Examples of Project Documents

    Every organization will have its own ways of working and set of documentation templates that are followed, which have worked for them in the past. Small companies might be able to manage their initiatives with minimal paperwork, but larger projects that span teams and geographies might require complex documentation to stay on track.

    Some of the most basic types of documents that every project should maintain are the following:

    1. Project Proposal

    A project proposal is often the first document that is created for a project. It is a document that makes the case for going ahead with the project and outlines all the reasons why the project is worth pursuing. The core value proposition is laid out in the form of a business case which can be part of the project proposal.

    Project Proposal

    2. Project Plan

    A project proposal offers a high-level overview of the project, which is then fleshed out in the form of a Project Plan. This lays out the roadmap and defines project milestones and timeframes. Usually, the Project Plan is a live document that evolves over the course of the project, with all the new goals and changes added to it along the way.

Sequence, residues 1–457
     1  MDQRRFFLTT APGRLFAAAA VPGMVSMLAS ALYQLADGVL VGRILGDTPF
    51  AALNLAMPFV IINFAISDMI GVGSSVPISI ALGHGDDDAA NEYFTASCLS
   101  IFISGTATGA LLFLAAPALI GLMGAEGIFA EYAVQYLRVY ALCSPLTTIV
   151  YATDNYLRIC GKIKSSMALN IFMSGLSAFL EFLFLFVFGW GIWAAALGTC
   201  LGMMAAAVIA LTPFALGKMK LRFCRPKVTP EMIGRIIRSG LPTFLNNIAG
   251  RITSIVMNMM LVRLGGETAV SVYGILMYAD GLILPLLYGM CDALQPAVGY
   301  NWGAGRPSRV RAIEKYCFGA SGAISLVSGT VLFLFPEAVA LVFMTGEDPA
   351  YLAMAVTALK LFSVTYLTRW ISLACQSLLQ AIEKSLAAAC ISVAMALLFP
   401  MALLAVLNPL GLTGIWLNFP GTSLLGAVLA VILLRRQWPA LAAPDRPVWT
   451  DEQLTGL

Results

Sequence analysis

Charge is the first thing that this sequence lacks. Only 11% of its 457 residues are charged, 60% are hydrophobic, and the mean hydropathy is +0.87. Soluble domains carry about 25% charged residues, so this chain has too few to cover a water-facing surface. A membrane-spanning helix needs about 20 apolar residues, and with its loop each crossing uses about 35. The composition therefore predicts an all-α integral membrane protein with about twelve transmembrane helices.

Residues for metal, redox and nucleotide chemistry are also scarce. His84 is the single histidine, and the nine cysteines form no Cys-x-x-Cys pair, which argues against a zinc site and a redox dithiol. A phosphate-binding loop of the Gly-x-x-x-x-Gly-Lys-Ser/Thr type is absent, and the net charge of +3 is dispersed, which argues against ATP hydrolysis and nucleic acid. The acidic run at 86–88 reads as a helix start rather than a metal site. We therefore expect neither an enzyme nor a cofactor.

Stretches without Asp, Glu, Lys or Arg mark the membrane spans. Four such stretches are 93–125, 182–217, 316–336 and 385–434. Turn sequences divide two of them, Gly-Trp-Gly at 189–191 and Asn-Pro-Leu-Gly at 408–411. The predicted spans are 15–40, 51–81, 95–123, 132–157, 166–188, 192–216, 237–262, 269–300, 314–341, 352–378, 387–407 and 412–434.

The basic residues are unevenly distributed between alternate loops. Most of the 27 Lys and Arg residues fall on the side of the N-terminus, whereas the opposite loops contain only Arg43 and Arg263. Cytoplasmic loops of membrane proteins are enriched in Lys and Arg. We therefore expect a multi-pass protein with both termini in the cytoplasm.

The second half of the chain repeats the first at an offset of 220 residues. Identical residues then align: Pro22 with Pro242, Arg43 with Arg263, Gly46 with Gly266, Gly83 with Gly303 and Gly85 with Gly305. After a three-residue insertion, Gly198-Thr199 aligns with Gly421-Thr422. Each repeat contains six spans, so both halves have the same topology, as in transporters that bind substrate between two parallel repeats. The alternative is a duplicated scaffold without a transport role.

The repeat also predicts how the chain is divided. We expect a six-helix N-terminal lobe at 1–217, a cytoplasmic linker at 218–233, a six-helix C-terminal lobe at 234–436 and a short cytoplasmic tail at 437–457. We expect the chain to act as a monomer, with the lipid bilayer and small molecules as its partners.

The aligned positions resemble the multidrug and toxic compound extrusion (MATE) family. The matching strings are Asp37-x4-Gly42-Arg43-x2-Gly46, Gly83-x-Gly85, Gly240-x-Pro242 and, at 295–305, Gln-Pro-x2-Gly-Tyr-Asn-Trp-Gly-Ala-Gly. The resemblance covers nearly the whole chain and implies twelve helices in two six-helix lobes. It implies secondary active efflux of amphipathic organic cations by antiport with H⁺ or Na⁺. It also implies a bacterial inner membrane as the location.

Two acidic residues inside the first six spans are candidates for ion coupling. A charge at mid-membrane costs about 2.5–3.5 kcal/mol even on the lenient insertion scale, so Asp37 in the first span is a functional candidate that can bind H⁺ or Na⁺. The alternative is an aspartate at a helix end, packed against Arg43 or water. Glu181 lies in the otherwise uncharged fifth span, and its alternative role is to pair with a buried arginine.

3. Status Report

    It’s important that everyone who is working on the project must be updated on the progress. This is done through a shared Status Report and helps to keep the team and external stakeholders in the know as to what is happening. The work done so far is captured, and a note is made of the next steps ahead.